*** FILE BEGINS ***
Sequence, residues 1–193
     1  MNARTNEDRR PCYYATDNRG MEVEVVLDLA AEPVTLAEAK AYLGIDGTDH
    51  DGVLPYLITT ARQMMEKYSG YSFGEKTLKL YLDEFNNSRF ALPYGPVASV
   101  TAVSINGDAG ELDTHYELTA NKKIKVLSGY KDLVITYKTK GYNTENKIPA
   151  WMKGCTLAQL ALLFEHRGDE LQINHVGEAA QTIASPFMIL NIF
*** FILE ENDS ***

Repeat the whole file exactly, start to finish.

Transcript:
Sequence, residues 1–193
     1  MNARTNEDRR PCYYATDNRG MEVEVVLDLA AEPVTLAEAK AYLGIDGTDH
    51  DGVLPYLITT ARQMMEKYSG YSFGEKTLKL YLDEFNNSRF ALPYGPVASV
   101  TAVSINGDAG ELDTHYELTA NKKIKVLSGY KDLVITYKTK GYNTENKIPA
   151  WMKGCTLAQL ALLFEHRGDE LQINHVGEAA QTIASPFMIL NIF